Debbie Reynolds, the legendary Hollywood entertainer and mother of Carrie Fisher died Wednesday at age 84, her son Todd Fisher confirmed to ABC News, leaving behind an enviable showbiz legacy that personified Old Hollywood.
Reynolds -- who died just one day after Fisher died at age 60 following a cardiac arrest last week -- struggled with her health in recent years. Earlier this year, her son Todd Fisher told ABC News that "when she was in the hospital and barely recovering from an operation, she had a small stroke."
He said, "She could barely talk but she sang with me, 'Me and My Shadow.' She was able to sing the song, she knew the whole song."
Reynolds told ABC News at the time that music "brought [her] through" the health scare.
Mary Frances Reynolds was born April 1, 1932, in El Paso, Texas. Soon after, her family moved to Burbank, California, where, at age 16, Reynolds won the Miss Burbank beauty contest, leading to her first contract with Warner Bros. and her new name, Debbie Reynolds.
A natural performer, Reynolds was a baton twirler in school but never took dance lessons until her contract with Warner Bros. By age 19, she'd landed her first major role as Kathy Selden in 1952's "Singin' in the Rain." That was followed by a slew of films, including "The Affairs of Dobie Gillis" and "Tammy and the Bachelor," for which she recorded the No. 1 song "Tammy." By the end of the decade, Reynolds was a major star.
In over 40 films, Reynolds starred alongside some of the legends of Hollywood -- Gene Kelly, Donald O'Connor, Bob Fossee and Fred Astaire.
"Fred Astaire was my dream dancer," Reynolds told ABC News earlier this year. "I loved Fred Astaire's way of dancing. He led you into the dance. Once in a picture together he said, 'Don't worry about anything, just go with me.' He had long fingers and you just melted into his body."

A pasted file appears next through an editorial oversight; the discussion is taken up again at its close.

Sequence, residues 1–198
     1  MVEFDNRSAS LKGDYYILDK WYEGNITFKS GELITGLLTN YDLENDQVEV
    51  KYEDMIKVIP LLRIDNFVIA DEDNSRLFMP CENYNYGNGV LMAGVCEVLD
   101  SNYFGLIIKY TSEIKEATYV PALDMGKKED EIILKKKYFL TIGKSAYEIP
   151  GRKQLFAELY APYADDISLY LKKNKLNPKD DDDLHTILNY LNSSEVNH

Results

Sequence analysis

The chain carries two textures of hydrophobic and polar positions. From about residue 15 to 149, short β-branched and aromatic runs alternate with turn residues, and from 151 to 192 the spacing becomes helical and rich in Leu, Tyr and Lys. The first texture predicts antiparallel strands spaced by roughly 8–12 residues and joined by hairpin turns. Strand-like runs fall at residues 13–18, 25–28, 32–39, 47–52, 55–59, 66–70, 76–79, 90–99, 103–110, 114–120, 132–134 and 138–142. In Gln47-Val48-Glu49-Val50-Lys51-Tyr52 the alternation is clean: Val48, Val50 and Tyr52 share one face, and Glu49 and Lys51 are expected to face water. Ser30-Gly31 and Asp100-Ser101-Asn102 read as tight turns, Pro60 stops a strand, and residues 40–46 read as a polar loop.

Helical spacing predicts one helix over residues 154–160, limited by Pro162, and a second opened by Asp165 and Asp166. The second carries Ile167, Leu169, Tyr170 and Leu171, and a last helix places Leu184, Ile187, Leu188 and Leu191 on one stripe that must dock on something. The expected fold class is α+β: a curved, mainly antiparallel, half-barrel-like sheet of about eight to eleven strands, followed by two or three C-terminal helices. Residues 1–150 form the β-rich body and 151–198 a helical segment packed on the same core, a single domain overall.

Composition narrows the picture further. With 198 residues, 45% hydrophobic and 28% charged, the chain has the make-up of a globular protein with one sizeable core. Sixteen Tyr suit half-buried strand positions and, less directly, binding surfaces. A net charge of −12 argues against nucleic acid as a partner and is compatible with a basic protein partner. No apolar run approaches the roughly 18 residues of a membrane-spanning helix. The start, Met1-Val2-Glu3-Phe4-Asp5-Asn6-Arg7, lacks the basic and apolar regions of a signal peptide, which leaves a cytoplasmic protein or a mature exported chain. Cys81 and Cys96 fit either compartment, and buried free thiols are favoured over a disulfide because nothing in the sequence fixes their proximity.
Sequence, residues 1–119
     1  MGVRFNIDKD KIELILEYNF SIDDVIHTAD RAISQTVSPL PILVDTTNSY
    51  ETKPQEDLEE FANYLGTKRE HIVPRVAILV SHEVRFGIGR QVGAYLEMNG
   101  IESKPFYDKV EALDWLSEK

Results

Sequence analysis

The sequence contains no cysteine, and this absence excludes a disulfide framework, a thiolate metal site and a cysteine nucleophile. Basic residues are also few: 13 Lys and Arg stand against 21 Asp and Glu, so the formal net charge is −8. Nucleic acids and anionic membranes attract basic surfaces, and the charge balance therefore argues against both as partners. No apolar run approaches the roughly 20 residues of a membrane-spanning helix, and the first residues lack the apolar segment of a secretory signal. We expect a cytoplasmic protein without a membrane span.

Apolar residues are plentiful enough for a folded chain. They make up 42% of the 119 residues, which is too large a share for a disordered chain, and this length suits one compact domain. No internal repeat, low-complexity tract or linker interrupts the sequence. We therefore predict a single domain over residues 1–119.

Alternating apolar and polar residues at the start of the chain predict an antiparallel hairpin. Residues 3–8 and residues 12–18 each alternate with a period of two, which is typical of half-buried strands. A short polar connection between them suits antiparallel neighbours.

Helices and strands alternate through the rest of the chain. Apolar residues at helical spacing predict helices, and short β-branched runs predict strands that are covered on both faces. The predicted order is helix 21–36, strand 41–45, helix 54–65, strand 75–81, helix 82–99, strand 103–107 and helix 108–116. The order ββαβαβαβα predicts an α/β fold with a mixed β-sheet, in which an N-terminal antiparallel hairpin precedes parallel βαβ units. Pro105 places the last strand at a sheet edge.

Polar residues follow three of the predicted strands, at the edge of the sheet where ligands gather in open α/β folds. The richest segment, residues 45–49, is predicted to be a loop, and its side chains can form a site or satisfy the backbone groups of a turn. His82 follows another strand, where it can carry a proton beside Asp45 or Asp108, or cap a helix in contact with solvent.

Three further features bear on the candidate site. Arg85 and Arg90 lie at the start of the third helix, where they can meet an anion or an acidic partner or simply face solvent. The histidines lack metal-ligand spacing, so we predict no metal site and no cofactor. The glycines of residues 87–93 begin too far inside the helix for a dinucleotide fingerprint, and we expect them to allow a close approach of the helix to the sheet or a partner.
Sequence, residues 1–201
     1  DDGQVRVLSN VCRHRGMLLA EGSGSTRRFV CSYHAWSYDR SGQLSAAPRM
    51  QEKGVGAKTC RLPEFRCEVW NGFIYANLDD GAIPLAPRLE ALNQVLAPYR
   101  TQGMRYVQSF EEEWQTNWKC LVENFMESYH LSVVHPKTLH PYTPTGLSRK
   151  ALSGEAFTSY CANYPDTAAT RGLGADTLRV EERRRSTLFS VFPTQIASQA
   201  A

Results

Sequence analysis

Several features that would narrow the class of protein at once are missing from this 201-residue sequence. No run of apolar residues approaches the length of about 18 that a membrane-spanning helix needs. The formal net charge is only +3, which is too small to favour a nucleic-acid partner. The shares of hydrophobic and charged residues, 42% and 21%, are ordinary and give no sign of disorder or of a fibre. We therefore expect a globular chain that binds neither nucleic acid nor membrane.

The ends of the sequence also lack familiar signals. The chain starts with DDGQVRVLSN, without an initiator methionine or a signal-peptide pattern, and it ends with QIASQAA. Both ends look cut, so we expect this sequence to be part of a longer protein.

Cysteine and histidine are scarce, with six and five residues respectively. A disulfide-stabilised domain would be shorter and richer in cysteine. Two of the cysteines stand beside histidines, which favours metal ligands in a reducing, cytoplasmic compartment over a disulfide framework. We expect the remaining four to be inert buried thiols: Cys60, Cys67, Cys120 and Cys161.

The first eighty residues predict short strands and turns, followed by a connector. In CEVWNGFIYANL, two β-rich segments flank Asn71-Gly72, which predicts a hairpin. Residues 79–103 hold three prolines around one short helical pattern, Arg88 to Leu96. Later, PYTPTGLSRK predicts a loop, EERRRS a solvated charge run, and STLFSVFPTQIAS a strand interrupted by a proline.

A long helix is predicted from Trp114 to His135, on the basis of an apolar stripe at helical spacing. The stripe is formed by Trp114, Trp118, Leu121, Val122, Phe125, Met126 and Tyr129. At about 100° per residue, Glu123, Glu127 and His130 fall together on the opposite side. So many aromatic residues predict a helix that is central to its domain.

Her favorite role was playing Molly Brown in the musical "The Unsinkable Molly Brown," for which she earned an Academy Award nomination. "I loved playing her. She was sort of like me," said Reynolds, who titled her updated 2013 autobiography, "Unsinkable: A Memoir."
Reynolds survived a scandalous first marriage to singer Eddie Fisher, who left her for Elizabeth Taylor. Parents to Carrie Fisher and Todd Fisher, the couple divorced in 1959. Her second marriage, to millionaire businessman Harry Karl, lasted from 1960 to 1973. She was married for a third and final time to real estate developer Richard Hamlett from 1984 to 1996.
"My three husbands all left me for another woman, and obviously I wasn’t a very sexual lady," Reynolds told The Express in 2015. "It seemed that I was more interested in raising my children, not in pursuing my husbands."
But she was far from a perfect mother, according to her daughter, Carrie Fisher, who grew close to her mother in later years. "Admittedly, I found it difficult to share my mother with her adoring fans, who treated her like she was part of their family. She has led two lives, public and private -- sometimes concurrently, sometimes not," Fisher said during a speech last year while presenting the SAG Life Achievement Award to her mother.
Among Reynolds' biggest contributions to the public were her massive movie memorabilia collection, which she was later forced to auction, and her Debbie Reynolds Dance Studios, which she opened in Los Angeles in the 1970s. Everyone from Michael Jackson, Justin Timberlake and Britney Spears to Bette Midler, Madonna, Usher and Mariah Carey has trained or rehearsed there.
Reynolds is survived by her son, Todd Fisher, and her granddaughter, Carrie's Fisher's daughter, Billie Lourd.